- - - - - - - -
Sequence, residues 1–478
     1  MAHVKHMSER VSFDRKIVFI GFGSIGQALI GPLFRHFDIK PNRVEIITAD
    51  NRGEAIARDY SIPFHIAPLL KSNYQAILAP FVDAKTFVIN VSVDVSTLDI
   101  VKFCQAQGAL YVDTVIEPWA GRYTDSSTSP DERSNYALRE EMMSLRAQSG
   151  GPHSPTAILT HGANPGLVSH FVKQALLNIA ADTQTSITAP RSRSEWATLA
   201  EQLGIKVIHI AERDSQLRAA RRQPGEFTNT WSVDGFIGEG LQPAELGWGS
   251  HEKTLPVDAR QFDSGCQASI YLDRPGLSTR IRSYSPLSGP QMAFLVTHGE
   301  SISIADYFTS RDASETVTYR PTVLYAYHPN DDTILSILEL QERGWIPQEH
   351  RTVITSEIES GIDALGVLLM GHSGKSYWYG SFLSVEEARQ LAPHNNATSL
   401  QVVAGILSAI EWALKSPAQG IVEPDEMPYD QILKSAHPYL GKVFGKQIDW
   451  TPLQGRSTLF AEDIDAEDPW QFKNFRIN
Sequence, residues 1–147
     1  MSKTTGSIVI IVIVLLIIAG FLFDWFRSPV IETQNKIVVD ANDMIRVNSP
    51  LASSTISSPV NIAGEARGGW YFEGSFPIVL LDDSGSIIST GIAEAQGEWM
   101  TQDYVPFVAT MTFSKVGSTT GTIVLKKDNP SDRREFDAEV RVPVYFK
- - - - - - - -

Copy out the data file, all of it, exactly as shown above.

Sequence, residues 1–478
     1  MAHVKHMSER VSFDRKIVFI GFGSIGQALI GPLFRHFDIK PNRVEIITAD
    51  NRGEAIARDY SIPFHIAPLL KSNYQAILAP FVDAKTFVIN VSVDVSTLDI
   101  VKFCQAQGAL YVDTVIEPWA GRYTDSSTSP DERSNYALRE EMMSLRAQSG
   151  GPHSPTAILT HGANPGLVSH FVKQALLNIA ADTQTSITAP RSRSEWATLA
   201  EQLGIKVIHI AERDSQLRAA RRQPGEFTNT WSVDGFIGEG LQPAELGWGS
   251  HEKTLPVDAR QFDSGCQASI YLDRPGLSTR IRSYSPLSGP QMAFLVTHGE
   301  SISIADYFTS RDASETVTYR PTVLYAYHPN DDTILSILEL QERGWIPQEH
   351  RTVITSEIES GIDALGVLLM GHSGKSYWYG SFLSVEEARQ LAPHNNATSL
   401  QVVAGILSAI EWALKSPAQG IVEPDEMPYD QILKSAHPYL GKVFGKQIDW
   451  TPLQGRSTLF AEDIDAEDPW QFKNFRIN
Sequence, residues 1–147
     1  MSKTTGSIVI IVIVLLIIAG FLFDWFRSPV IETQNKIVVD ANDMIRVNSP
    51  LASSTISSPV NIAGEARGGW YFEGSFPIVL LDDSGSIIST GIAEAQGEWM
   101  TQDYVPFVAT MTFSKVGSTT GTIVLKKDNP SDRREFDAEV RVPVYFK